But to cheat him of his right to work is the gravest injustice of all, indeed, it is the sum of all the injustice done to the poor man. The right to work may not be inherent in all men in any organization of society. Indeed, it may be shown logically enough that no right is inherent by itself, and that all rights are welded from the iron of necessity by the formation of civilization. But it may not be denied that in modern civilization, where drones are so direct a tax upon the workers, men not merely have a right to work, but the social organization has a right to demand that they work. The mutual interests of the individual and his neighbors in his work lay a duty upon his neighbors to see that he not merely has work, but that he is adequately paid for it. Society recognizes its right to demand that every man shall work, but it hesitates before the sacred rights of property, and does not demand that every man shall be paid equitably for his work. Oneof the problems which civilization must solve is to give the worker a status for his work as sacred and inviolable as the property owner has for his property. To-day the buyer of labor sets the price. The seller takes the price or not; works or is idle, lives or starves, as he pleases. Society organized in government must eventually assert its prerogative as arbiter of the bargain, and proclaim a man’s right to work, and to be paid for his work well enough so that he may grow mentally and morally to a stature sufficiently large and strong to do his duty as a citizen of this republic. The danger to the republic — if there is any danger — is not from the top, but from the bottom of society; and this danger comes because intelligent people are selfishly indolent in their attitude toward the poor. They permit the republic to be cheated of its right to be governed by an honest conscience : they permit the debauching of that conscience by an industrial system that, bends the worker to so poor a price for his work that in masses too great for public safety workers are kept ignorant, uncivilized, and incompetent, for citizenship. We have schools; we have churches ; we have great free libraries. The fountains that would cleanse the public morals and nourish the public conscience are on every hand. But those who most of all need these healthful public baths in righteousness are hurried by them to work for wages so low that, after paying for mere subsistence, the average unskilled laboring man has no surplus with which to enjoy civilization and grow with its culture. If the present organization of society continues, it will be because the moral sense of those of the majority on the fat side of the bread line demands that the Golden Rule shall apply to them in their relations to those on the lean side of the bread line. The first expression of that duty of the majority will be to see that, economically, wages shall not be set as the result of a bargain between the man who has work to sell and him who would buy it for the least possible money, but that wages shall be set by the arbitrament of society, and that in that arbitrament shall be considered, not merely property right, but the right of the government to have the best conscience of a wellfed, well-read, God-fearing man at the ballot box. It is better for this government, and for the perpetuity of modern civilization, that the moral sense and moral fervor of the people should grow, than that an ironclad scale of profits should accrue upon every investment. And investments should be planned by captains of industry with society’s interests in view, as well as those of the stockholders on the company’s books. For the government is the company’s partner. It gives capital more than police protection, and the government should have its returns in wages large enough to make the workers in every store, in every office, and in every shop, good citizens. The people have a right to ask this in the name of the high law of self-preservation, and government has a right to ask it in the name of the law of growth. For when the unskilled and uneducated laboring men become men of trained moral intelligence and definite moral purpose, as they will become when their shortened hours of work give them opportunities to change their environment for a few hours daily, for the better, they will then contribute to the voting strength of America the weight necessary to solve the problems coming out of the encroachment of capital, and solve them fairly to capital and fairly to the country. But if those problems are turned over to an electorate in which there is an ignorant and deludable minority for demagogues to sway, the problems will only be complicated. Jealousy and greed matched upon opposite sides of this controversy will quarrel, but they will not get the truth out of their quarrel. And, what is more important, greed will win. In the ancient contest greed has always won — over jealousy.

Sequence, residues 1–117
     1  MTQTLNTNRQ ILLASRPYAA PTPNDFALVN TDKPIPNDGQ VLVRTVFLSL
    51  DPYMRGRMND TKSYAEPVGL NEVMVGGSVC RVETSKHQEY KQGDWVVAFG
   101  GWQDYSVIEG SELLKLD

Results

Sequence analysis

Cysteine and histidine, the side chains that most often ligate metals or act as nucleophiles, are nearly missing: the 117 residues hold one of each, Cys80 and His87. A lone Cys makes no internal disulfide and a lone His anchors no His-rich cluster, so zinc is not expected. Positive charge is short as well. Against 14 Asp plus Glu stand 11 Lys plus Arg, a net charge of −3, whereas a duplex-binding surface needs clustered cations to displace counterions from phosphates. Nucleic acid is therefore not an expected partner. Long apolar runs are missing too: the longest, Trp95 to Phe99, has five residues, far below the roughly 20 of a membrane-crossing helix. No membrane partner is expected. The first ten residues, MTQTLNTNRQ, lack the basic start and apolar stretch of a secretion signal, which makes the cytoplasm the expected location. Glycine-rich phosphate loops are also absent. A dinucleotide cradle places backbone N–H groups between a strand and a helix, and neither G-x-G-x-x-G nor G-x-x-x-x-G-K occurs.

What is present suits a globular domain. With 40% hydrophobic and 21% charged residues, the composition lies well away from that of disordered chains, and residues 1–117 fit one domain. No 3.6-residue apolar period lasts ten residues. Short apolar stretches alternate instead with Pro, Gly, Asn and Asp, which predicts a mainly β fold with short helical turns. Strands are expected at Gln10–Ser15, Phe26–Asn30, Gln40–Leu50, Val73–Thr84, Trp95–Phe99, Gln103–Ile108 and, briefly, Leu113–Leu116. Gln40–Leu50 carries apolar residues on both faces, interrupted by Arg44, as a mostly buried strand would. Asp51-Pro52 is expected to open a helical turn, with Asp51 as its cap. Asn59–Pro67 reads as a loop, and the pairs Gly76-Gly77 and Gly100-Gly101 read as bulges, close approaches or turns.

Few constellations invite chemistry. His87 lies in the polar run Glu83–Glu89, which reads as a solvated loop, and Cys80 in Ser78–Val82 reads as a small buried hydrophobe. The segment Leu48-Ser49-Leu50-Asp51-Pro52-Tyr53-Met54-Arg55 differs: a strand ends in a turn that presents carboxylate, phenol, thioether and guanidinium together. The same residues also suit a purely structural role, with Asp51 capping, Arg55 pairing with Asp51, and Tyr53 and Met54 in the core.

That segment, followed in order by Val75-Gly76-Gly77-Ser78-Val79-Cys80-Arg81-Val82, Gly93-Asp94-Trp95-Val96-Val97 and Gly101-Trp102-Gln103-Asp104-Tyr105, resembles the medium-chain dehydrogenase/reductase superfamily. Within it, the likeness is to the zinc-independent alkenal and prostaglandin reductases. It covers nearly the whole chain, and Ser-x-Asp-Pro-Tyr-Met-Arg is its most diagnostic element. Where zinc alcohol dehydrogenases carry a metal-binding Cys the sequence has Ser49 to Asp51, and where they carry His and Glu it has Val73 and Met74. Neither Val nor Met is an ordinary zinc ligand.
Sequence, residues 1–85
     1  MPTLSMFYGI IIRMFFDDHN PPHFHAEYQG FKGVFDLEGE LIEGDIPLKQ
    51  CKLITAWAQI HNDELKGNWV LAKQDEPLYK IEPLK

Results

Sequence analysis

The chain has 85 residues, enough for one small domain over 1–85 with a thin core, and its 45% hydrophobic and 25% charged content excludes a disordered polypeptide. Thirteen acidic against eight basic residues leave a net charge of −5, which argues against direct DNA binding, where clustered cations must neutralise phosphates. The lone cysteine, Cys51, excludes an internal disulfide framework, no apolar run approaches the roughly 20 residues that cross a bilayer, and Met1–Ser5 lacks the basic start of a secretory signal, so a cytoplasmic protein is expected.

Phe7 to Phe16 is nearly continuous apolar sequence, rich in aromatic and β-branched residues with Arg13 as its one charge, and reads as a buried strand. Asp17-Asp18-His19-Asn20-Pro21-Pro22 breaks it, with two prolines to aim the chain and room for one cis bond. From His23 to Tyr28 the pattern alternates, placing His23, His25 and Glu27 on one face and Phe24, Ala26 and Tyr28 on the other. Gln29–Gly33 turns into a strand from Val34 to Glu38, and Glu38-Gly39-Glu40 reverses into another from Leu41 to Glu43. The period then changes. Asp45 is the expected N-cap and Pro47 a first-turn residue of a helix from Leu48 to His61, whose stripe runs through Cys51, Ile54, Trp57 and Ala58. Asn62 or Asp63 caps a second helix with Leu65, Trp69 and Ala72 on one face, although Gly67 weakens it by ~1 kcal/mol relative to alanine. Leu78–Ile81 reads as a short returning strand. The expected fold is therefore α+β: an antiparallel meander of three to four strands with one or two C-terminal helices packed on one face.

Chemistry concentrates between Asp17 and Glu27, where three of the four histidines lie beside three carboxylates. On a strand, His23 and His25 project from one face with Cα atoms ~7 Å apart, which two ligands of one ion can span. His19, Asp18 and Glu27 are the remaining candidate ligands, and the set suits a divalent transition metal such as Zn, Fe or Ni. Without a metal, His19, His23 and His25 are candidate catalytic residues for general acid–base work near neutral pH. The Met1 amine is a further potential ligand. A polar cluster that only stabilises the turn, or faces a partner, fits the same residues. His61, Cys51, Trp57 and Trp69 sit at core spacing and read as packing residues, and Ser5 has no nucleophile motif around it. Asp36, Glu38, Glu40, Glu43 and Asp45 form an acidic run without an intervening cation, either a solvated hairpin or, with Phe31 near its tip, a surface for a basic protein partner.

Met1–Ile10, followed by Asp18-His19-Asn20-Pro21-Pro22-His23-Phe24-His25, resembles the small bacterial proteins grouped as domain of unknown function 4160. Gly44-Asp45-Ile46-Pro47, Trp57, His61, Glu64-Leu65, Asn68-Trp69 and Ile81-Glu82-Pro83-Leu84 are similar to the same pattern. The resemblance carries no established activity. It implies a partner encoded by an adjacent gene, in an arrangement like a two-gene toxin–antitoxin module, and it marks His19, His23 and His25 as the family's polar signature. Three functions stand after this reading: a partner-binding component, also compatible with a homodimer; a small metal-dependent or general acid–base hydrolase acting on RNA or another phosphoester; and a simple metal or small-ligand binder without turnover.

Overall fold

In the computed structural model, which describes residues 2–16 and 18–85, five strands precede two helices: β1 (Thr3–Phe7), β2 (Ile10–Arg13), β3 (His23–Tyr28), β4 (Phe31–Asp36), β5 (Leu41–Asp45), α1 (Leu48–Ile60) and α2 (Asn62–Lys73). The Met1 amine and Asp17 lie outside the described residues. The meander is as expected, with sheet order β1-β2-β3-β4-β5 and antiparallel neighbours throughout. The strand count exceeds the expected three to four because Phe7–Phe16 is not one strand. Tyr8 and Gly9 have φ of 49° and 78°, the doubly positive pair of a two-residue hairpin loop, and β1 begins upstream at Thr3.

But in the contest that is approaching, greed will face a righteous people. The struggle will be between a spiritual force and material avarice. The American people during recent years have been growing in mental and moral vision, and in spiritual force. The millions of books and newspapers and magazines that have been circulating in the land are now bringing forth their fruit. The party system is less rigid than it has ever been. The politics of the nation are on a higher plane than they have ever been before. The people are ceasing to envy riches, and are beginning to ask rich men embarrassing questions. In America the strong man is not necessarily the man of wealth, nor is he the political boss. More and more is the strong man becoming the man of ideals, the man of culture, the man who appeals to the spiritual side of the people. And when counsel for Cræsus contend that to surrender this or that material advantage to those unable to wrest that material advantage from him will but depose one Crœsus to elevate another, reply may be made that even though this life is still a contest ending in the survival of the fittest, the fittest hereafter shall not always be the man with the most brute strength in a bargain, but rather the man who can trade most honorably as well as most profitably. The fittest in commerce even to-day need not be the industrial tiger with the longest claw and sharpest tooth, but the gentleman with the largest heart and wisest head.